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Leaf Mining Fly


Leaf Mining Fly, Leaf Miner Fly, Leaf Miner Flies

Leafminer Fly (34343046680)

by Katja Schulz. CC BY 2.0

A macroshot of a leaf mining fly from the insect family Agromyzidae on a leaf
Agromyzidae are a family of Dipteran insects (True Flies). There are roughly 2,500 species in the family, many of which are plant-specific, so will only be able to feed on a particular kind of plant! The larvae feed within the leaf, resulting in meandering lines, galleries or blotches to appear on plant foliage. A small fraction of the group will cause plants to produce galls; a few others will bore into seeds and bulbs.
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Can be quite difficult to control.
Lots of other things in the garden will eat them!


Adults: Adult flies are minute, the largest being only 6mm in length. They tend to be dark coloured (browns and black), with some including yellow markings. They're inconspicuous and rarely seen. It's much easier to identify a species by its larval mines. Larvae: The larvae look like tiny yellow-green translucent maggots, in most cases! Although, they're rarely seen on the leaf surface. Maggots reside inside the leaf, between the two epithelial walls. Each species produces a unique pattern while consuming the inner leaf contents, and this can act as a signature for someone trying to identify what fly it could be. Eggs: The eggs are so tiny, it's impossible to see without a microscope!












Biological treatment

Yellow sticky traps are an effective way to monitor fly populations. Alternatively, if you have a large patch, keep a count of the leaves found with mines. Regular monitoring can help with general assessment and decision-making regarding the next steps of action. Rational thinking may avoid unnecessary applications of pesticides and wasted money! Dispose of any leaves that have been mined or have eggs on them, but never dispose of these in compost and food waste bins. Deeply infested leaves can be burnt when the growing season terminates to destroy any persisting pupae. By practising good housekeeping in the garden, e.g. regularly pruning and clearing debris; you'll make your yard less attractive to pests. It's proposed that flies like this dislike strong-smelling herbs, such as lavender, thyme, lemon balm, fennel and basil. Planting these near your vegetable patches won't do you any harm! Another suggestion would be to grow plants beneath an insect-proof mesh. It's advised to rotate crops every year, and by doing so, infection by overwintering pupae will be less likely. Leaf mining flies have an abundance of natural enemies, so ideally, you want these to be controlling your pest populations. It's been found that areas with higher densities of these insects experience less severe symptoms from pests. These can be attracted to your green spaces using a few simple tricks. - Plant an array of indigenous plants, the more diversity, the better! - Install mini-habitats; leave out a pile of logs and sticks, a bucket of water, or, incorporate some climbing plants in the garden. - Reduce your use of pesticides. Using pesticides can harm natural enemies, and this can cause pest populations to increase the following year. When a leafminer infests a plant, one of the best modes of action is to encourage fast growth. Well-established plants that grow quickly can sometimes expel any eggs within the tissue. Crops with insufficient irrigation, water and fertilizer are much more prone to attack than a plant receiving the correct quantities.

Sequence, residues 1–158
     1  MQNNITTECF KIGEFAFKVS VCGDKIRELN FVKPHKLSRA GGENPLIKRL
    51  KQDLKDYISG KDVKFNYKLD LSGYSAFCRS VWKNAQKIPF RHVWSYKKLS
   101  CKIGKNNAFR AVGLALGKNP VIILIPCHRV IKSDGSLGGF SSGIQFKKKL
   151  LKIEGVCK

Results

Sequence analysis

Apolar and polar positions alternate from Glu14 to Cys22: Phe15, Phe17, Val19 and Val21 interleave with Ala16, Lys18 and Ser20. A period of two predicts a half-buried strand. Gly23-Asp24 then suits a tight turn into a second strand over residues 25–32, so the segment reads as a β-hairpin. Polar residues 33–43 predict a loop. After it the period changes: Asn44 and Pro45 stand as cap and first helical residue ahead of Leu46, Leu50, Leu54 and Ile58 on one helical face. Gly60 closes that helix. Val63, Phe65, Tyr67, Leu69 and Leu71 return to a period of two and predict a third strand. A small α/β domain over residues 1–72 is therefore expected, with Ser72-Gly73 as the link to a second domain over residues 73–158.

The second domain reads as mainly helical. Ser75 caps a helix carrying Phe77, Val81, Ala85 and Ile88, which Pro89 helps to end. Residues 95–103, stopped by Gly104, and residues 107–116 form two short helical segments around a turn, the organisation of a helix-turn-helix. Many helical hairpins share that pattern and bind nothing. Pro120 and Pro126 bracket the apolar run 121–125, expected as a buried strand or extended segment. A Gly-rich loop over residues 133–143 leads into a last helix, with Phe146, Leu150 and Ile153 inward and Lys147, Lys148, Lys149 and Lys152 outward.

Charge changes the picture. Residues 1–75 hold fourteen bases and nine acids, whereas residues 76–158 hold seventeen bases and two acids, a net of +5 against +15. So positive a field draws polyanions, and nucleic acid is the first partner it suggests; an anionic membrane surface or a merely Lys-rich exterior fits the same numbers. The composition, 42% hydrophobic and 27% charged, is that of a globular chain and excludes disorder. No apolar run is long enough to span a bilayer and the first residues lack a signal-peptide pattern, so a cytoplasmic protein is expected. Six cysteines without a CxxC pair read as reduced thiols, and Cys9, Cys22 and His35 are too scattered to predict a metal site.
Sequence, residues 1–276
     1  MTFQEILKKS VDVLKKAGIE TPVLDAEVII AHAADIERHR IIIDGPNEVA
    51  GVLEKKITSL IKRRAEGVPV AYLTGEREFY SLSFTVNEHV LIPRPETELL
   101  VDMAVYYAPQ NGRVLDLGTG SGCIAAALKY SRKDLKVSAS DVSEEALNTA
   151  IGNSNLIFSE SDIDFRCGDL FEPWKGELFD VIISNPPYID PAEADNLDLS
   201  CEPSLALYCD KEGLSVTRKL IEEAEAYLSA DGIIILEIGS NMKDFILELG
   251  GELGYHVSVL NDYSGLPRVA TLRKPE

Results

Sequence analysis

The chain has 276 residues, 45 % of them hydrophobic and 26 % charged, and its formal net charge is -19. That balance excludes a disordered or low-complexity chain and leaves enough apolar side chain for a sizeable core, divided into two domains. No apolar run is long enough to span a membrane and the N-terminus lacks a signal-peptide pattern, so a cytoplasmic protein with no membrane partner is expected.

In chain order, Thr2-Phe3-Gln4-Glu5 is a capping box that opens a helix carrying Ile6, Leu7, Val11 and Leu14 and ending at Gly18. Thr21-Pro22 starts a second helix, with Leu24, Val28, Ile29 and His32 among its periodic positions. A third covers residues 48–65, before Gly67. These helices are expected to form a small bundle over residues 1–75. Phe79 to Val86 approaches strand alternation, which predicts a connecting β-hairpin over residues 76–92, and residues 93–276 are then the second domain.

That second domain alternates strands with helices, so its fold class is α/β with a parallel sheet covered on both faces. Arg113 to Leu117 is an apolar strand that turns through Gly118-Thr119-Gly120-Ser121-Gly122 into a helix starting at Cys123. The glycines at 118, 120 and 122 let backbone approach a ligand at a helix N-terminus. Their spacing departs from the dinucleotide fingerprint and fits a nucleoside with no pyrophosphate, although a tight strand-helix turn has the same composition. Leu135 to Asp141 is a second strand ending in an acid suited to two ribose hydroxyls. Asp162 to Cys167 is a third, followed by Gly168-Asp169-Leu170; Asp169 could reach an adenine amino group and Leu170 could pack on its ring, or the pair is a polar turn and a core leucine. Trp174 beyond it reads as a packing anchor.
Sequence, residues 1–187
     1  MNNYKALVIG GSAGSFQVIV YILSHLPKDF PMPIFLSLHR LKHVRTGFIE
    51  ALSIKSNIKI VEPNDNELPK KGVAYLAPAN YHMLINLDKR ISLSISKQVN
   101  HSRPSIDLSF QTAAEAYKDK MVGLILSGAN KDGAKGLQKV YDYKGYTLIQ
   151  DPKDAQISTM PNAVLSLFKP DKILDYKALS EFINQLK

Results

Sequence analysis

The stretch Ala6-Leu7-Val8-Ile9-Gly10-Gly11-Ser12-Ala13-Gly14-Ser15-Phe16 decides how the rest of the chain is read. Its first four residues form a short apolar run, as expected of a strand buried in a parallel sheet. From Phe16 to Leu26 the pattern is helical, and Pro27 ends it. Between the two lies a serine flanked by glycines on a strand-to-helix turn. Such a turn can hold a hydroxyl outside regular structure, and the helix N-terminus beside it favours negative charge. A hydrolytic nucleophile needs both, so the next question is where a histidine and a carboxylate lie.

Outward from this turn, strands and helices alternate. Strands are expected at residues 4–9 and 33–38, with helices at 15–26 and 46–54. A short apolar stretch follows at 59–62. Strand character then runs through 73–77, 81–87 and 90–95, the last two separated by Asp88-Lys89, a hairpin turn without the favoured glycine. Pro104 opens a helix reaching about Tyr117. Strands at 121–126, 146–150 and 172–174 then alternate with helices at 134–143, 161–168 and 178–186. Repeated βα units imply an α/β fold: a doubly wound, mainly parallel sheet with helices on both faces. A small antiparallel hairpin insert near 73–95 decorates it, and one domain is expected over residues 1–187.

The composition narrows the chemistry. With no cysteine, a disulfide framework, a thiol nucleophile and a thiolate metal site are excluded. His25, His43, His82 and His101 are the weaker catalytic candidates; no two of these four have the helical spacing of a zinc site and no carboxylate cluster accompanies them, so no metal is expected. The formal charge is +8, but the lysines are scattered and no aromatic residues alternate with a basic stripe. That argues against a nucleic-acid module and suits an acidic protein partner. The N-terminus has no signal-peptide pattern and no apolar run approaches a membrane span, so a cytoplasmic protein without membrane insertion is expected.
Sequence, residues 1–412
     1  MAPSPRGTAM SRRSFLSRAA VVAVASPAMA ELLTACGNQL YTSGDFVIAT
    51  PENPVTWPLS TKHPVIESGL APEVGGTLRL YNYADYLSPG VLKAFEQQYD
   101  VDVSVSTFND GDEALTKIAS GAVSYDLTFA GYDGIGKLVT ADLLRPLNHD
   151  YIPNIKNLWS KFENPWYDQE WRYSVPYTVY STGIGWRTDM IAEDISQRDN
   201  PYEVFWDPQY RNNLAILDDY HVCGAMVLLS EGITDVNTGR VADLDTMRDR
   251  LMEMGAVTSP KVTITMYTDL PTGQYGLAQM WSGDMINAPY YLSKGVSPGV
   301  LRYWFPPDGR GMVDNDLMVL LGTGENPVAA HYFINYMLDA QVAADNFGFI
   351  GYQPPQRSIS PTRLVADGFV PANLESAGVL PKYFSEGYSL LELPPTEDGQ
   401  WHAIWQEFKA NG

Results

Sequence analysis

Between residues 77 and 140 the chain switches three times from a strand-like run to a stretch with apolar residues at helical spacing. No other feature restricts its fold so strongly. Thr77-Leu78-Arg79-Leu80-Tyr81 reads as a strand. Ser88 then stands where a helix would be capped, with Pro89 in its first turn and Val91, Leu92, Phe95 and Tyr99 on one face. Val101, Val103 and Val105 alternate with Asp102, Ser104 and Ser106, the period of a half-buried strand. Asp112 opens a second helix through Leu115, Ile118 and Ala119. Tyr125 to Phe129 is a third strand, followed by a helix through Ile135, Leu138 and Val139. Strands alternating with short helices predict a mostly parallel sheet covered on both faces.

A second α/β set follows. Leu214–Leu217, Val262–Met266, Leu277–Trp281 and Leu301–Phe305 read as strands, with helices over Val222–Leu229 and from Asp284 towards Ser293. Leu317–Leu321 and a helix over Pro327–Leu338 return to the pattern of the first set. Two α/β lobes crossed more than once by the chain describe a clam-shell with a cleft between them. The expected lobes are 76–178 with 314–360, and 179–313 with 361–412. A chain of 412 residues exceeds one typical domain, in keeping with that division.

Chemical treatment

It's advised only to take chemical action when all other options have been exhausted, and the infestation is considered severe. Insects such as leaf-mining flies have a rapid rate of reproduction. There will always be flies left unaffected by chemical treatments, and this can lead to pesticide resistance. Pesticides containing abamectin, or pesticide 'spinosad', are proposed as the most effective components to fight this pest. Please read instructions carefully, taking care not to spray any plants that are in flower. Such pesticides can still show some degree of toxicity towards wildlife, so should be applied with extreme caution. Tip: some gardeners store mined leaves in a sealed plastic bag. Once the grub inside is fully developed, they emerge from the leaf mine. This is probably the best time to be spraying your plants. If you are planning to eat your harvest, make sure the food plant is listed on the bottle label and follow instructions. If you're ever feeling unsure, you can consult with your local garden centre or ask the wonderful Candide community for assistance!
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